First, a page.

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Associate feature: We need to have a national conversation about heart disease

Associate feature: We need to have a national conversation about heart disease

There have been great advances in reducing death rates from heart disease in Scotland. The decades since the British Heart Foundation (BHF) was set up in 1961 have seen a transformation in diagnosis, treatment and care. Back then, more than seven in ten heart attacks in this country were fatal. Today, at least seven in ten people survive.

While this is hugely positive, one consequence is that the number of people living with heart conditions is greater than ever. People are living longer with heart disease and often have more than one health condition. Health inequalities also persist in Scotland – rates of heart and circulatory diseases in our most deprived areas are significantly higher than in the least deprived.

These are significant challenges, yet the Scottish Government’s plans to tackle heart disease in Scotland haven’t been updated since 2014. There has been a lot of change in the health care system since then, not least this year as we consider the impact of the Covid-19 pandemic.

That’s why BHF Scotland believes new national priorities for addressing heart disease are needed. We want to have a national conversation about heart disease – and we’ve been reaching out to people living with heart disease and health care professionals with an interest in this vital area. We’ve been learning about what they think is important to improve care for people with, or at risk of, heart disease in Scotland.

We have an opportunity to identify new priorities to ensure that people with, and at risk of, heart disease across Scotland receive the best possible care today and in the future. We are consulting on the identified priorities below at the moment to check that they are in line with what the wider community thinks is important.

Over the past year, BHF Scotland has spoken with health care professionals and people living with heart disease, or with conditions putting them at increased risk of heart and circulatory diseases, to identify three key priorities.

The first of these is tackling the risk factors for heart and circulatory diseases. Millions of people in Scotland are living with conditions like high blood pressure and high cholesterol, which increase the risk of heart disease and stroke, but it’s likely that many have not been diagnosed, while others are not receiving optimal treatment. Helping people to find out if they have these conditions, and supporting them to manage them, could reduce their risk of developing heart disease.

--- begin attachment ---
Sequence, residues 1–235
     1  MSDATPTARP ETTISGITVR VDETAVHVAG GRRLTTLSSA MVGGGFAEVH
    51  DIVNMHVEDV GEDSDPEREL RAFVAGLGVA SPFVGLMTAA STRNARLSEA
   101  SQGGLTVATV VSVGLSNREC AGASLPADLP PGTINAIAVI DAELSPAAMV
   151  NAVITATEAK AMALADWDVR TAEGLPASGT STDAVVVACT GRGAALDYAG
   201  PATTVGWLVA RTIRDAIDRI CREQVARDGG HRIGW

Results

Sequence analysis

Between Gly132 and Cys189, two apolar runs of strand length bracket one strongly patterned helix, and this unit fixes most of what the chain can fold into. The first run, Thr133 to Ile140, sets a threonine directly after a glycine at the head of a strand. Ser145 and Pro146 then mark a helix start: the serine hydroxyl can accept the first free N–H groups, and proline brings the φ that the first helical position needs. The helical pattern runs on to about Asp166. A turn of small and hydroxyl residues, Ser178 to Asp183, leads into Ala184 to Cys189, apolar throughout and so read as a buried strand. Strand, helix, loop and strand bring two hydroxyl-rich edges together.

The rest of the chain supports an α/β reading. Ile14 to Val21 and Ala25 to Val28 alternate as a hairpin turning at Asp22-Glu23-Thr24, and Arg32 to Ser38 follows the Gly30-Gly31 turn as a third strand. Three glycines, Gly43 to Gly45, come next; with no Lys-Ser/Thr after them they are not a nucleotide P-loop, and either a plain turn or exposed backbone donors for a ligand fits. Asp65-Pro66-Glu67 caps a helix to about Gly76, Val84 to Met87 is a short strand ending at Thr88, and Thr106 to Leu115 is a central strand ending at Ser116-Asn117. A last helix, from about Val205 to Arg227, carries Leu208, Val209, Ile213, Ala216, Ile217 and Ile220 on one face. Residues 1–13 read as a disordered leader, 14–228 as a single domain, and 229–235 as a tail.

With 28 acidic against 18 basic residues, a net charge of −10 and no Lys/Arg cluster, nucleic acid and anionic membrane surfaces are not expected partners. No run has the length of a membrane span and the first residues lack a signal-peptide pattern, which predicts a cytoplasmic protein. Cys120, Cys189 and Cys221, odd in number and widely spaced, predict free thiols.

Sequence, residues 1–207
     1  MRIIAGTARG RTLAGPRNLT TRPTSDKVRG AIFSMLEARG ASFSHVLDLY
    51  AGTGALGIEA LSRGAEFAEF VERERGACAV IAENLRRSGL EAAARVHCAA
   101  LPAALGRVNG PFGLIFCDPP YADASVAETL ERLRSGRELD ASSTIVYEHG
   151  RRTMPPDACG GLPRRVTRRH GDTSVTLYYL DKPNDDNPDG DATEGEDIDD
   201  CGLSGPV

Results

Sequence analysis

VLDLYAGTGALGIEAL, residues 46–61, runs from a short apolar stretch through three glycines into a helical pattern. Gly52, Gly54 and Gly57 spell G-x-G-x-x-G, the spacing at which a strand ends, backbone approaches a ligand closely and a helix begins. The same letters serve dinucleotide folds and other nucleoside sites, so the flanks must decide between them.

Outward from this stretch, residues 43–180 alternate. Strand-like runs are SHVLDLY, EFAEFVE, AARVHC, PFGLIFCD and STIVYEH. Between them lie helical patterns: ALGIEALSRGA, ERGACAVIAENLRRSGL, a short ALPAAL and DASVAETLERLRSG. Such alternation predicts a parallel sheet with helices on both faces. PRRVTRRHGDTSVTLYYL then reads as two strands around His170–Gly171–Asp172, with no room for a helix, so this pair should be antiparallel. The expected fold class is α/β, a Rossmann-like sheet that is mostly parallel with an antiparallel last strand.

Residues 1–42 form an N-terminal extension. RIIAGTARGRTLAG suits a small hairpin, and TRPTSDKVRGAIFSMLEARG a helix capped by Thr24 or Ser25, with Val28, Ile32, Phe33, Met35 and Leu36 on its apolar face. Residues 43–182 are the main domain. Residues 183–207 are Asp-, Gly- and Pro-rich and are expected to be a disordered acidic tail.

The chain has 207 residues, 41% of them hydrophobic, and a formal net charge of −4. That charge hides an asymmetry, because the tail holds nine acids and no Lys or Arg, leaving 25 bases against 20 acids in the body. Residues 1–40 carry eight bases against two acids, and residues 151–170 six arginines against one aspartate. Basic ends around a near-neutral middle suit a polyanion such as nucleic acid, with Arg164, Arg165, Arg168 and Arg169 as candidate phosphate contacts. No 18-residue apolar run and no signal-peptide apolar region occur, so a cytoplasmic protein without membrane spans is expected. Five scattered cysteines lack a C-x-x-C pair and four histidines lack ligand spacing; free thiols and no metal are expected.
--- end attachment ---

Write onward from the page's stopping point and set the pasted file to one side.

Secondly, we need to ensure that everyone with heart disease has access to timely diagnosis, treatment and care, no matter what condition they have or where they live. This is about addressing some of the barriers limiting this at the moment, including a focus on some key workforce issues, a need to make sure that primary and secondary care work seamlessly together to support people with heart disease and helping people to live well with their condition. This includes the emotional and psychological support that so many people with heart disease tell us they would benefit from. Where necessary, it also includes palliative care for people approaching the end of their life, which can help them to have a better quality of life.

Our third priority centres on the effective use of data to improve services for people with heart disease. Lots of data are currently held within the health care system but information is not always collected or used in the same way across different areas. We think this must be improved.

Better collection and linking together of anonymised data, and making sure that all areas collect data in the same way, could help health professionals to improve ways of measuring, learning and improving care and outcomes for people with heart disease.

These priorities are outlined in more detail in our consultation document and are linked to a series of recommendations for the Scottish Government, offering practical and achievable solutions to the issues raised. BHF Scotland would like to see a commitment to delivering on these priorities at the next election. By working together to achieve what we have outlined, we can all contribute to a national heart disease plan that will help us to finally beat heartbreak for Scotland. Our consultation is available at where responses should be submitted by 4 September 2020. All responses will feed into the development of our final document, which is due to be presented to the Scottish Government in February 2021.

Kylie Barclay is Policy and Public Affairs Manager at BHF Scotland

This piece was sponsored by BHF Scotland



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